Asymptotic Analysis of Two Reduction Methods for Systems of Chemical Reactions

TitleAsymptotic Analysis of Two Reduction Methods for Systems of Chemical Reactions
Publication TypeReport
Year of Publication2001
AuthorsKaper, HG, Kaper, TJ
Series TitlePhysica D
Pagination66-93
Date Published10/2001
Other NumbersANL/MCS-P912-1001
Abstract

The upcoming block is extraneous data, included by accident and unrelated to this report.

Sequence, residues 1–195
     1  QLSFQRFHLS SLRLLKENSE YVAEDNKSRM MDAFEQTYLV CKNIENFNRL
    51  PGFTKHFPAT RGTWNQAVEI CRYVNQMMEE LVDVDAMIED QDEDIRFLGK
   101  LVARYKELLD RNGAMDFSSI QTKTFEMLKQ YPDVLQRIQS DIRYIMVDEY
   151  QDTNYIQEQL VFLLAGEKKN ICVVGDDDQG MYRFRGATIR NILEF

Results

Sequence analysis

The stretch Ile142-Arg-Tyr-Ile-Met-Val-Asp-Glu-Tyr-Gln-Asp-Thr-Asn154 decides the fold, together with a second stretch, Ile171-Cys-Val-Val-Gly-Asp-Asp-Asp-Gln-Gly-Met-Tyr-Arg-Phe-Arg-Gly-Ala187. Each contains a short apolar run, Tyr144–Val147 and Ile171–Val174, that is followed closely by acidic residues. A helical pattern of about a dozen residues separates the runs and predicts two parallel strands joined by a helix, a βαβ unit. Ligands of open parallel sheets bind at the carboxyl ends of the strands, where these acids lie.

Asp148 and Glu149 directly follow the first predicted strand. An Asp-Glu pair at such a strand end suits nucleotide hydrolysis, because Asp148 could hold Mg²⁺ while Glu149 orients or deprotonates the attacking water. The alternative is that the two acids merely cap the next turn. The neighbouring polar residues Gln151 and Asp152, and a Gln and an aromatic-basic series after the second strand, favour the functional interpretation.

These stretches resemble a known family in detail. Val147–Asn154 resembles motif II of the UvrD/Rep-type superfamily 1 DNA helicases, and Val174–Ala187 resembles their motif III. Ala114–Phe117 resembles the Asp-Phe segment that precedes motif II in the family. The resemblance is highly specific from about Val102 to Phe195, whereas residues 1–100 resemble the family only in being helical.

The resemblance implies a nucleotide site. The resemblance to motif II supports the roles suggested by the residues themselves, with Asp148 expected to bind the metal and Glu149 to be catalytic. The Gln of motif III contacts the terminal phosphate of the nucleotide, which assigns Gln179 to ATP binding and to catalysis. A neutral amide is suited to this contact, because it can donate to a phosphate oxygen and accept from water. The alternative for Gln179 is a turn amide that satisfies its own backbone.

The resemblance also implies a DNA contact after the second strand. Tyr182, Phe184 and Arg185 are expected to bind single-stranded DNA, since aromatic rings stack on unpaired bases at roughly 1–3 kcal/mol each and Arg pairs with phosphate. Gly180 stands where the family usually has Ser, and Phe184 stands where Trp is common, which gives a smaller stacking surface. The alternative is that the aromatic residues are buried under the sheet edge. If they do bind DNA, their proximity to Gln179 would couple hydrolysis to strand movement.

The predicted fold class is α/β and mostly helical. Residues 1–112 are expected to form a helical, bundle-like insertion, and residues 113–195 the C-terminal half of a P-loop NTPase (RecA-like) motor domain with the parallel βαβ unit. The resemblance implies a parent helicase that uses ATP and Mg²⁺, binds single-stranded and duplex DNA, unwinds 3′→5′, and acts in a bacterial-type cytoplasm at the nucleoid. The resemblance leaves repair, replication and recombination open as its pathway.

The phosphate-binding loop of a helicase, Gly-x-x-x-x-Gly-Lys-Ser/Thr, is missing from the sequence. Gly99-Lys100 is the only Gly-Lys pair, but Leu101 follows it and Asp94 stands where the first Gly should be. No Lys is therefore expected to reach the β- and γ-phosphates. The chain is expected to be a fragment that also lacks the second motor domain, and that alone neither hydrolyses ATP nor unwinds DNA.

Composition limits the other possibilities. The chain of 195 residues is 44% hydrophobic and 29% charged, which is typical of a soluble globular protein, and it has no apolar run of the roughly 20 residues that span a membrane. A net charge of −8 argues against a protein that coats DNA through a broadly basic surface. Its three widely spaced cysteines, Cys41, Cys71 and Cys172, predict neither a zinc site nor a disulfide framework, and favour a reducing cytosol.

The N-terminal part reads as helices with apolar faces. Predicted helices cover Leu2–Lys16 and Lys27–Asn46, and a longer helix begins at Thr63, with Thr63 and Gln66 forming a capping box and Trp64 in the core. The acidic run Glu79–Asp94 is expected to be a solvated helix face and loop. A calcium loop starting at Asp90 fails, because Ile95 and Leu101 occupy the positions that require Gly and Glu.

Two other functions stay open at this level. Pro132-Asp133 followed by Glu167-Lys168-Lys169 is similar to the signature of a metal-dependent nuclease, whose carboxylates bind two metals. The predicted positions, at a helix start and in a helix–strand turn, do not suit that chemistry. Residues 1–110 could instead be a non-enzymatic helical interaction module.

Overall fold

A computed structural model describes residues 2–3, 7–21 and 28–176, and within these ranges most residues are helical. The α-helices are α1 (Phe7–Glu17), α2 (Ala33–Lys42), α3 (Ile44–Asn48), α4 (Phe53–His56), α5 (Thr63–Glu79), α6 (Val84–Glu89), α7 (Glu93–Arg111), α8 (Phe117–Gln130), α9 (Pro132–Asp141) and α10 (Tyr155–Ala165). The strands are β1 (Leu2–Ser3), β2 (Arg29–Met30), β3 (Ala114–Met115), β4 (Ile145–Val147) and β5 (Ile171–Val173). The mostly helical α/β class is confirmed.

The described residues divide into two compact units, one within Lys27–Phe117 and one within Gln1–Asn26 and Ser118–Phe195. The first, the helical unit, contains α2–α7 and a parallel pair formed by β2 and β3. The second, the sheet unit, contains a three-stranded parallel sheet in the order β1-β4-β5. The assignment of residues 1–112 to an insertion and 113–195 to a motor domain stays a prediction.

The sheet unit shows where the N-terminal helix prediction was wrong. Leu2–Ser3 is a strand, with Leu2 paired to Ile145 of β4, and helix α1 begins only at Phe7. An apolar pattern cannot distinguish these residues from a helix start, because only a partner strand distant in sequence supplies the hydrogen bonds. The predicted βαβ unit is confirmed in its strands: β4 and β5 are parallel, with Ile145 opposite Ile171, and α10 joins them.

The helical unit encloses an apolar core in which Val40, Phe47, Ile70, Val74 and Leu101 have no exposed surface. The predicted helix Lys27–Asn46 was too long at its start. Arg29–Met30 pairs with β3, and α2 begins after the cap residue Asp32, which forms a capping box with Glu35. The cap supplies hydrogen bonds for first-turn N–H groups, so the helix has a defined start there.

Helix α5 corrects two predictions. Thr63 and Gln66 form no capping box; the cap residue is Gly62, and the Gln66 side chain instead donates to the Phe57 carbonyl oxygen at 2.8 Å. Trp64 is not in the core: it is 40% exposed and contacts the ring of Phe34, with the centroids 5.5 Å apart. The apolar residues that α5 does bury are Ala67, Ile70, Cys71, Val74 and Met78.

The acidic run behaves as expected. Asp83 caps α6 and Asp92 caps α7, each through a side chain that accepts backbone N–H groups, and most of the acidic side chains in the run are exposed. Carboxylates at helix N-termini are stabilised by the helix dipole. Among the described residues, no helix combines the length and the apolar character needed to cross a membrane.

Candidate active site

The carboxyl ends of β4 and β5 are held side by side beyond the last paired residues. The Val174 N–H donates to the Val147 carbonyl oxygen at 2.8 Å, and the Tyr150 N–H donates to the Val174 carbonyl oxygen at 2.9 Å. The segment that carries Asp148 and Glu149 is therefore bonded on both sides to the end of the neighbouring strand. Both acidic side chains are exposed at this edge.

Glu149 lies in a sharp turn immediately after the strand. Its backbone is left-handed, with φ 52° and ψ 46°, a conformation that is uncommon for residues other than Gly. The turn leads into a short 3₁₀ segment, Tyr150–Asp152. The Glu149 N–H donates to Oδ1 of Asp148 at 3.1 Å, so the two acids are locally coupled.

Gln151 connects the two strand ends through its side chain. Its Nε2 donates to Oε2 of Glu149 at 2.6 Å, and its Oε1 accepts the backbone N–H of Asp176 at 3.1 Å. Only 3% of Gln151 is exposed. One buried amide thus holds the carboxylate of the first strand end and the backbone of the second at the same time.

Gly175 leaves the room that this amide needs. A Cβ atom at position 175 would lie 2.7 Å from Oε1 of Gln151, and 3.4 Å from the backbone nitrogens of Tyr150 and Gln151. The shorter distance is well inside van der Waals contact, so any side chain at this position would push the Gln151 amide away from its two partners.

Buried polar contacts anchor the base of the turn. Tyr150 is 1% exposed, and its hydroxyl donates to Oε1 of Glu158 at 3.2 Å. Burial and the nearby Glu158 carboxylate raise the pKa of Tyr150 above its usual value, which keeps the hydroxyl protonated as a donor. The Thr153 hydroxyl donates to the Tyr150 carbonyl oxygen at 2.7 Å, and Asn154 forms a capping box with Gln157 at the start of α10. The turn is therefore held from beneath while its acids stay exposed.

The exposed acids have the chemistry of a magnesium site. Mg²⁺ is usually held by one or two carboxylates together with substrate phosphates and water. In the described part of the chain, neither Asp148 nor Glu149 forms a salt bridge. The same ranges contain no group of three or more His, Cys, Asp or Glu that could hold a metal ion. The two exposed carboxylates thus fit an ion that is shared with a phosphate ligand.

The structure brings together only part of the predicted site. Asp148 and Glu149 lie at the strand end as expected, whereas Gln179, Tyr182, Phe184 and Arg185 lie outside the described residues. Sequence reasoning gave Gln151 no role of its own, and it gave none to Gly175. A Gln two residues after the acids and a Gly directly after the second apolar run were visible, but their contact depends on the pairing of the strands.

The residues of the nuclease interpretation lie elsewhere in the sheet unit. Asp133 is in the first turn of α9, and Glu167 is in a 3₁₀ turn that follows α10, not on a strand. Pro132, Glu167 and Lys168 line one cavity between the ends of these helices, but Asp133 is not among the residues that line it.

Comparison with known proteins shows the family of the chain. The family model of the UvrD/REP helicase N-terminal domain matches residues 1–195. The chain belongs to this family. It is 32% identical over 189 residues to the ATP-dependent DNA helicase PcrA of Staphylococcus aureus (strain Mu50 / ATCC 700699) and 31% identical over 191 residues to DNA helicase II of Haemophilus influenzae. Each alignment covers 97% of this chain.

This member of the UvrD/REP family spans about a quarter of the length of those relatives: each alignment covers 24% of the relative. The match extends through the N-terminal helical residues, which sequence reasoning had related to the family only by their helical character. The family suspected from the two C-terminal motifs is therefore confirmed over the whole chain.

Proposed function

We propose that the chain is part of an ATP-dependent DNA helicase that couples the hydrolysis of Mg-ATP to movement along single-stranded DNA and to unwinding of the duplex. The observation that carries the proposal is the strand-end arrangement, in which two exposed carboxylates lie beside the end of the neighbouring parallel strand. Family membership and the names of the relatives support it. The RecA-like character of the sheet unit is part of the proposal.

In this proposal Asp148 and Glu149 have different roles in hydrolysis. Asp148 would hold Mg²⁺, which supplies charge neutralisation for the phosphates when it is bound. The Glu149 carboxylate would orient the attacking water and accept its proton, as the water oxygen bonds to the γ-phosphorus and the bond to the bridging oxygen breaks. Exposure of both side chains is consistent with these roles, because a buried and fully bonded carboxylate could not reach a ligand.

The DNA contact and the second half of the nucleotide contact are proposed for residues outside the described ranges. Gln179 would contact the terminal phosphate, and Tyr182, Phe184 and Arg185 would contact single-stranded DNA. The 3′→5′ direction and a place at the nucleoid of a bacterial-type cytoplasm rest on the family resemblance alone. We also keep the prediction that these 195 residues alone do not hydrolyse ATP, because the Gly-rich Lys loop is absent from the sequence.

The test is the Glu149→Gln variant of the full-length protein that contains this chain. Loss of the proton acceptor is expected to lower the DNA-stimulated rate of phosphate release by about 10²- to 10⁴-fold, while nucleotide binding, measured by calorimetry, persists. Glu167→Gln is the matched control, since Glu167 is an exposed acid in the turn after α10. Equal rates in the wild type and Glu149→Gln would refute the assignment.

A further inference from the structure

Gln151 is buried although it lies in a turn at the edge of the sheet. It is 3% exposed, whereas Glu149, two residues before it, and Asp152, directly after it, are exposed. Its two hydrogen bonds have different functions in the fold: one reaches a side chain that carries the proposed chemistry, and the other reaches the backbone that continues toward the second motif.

<p>This article concerns two methods for reducing large systems of chemical kinetics equations, namely, the method of intrinsiclow-dimensional manifolds (ILDMs) due to Maas and Pope [U. Maas and S. B. Pope, Combustion and Flame 88 (1992) 239-264] and an iterative method due to Fraser [S. J. Fraser, J. Chem. Phys. 88 (1988) 4732-4738] and further developed by Roussel and Fraser. Both methods exploit the separation of fast and slow reaction time scales to find low-dimensional manifolds in the space of species concentrations where the long-term dynamics are played out. The analysis is carried out in the context of systems of ordinary differential equations with multiple time scales and geometric singular perturbation theory (GSPT). A small parameter e measures the separation of time scales. The underlying assumption is that the system of equations has an asymptotically stable slow manifold M0 in the limit as e � 0. Then it follows from GSPT that there exists a slow manifold Me for all sufficiently small positive e, which is asymptotically close to M0. It is shown that the ILDM method yields a low-dimensional manifold whose asymptotic expansion agrees with the asymptotic expansion of Me up to and including terms of O(e). At O(e2), an error appears that is proportional to the local curvature of M0; it vanishes if and only if the curvature is zero everywhere. The iterative method generates, term by term, the asymptotic expansion of the slow manifold Me. Starting from M0, the ith application of the algorithm yields the correct expansion coefficient at O(e i-1) invariant. Thus, after l applications, the expansion is accurate up to and including the terms of O(el). The analytical results are illustrated in two examples: a planar system from enzyme kinetics (Michaelis-Menten-Henri) and a model planar system due to Davis and Skodje.</p>

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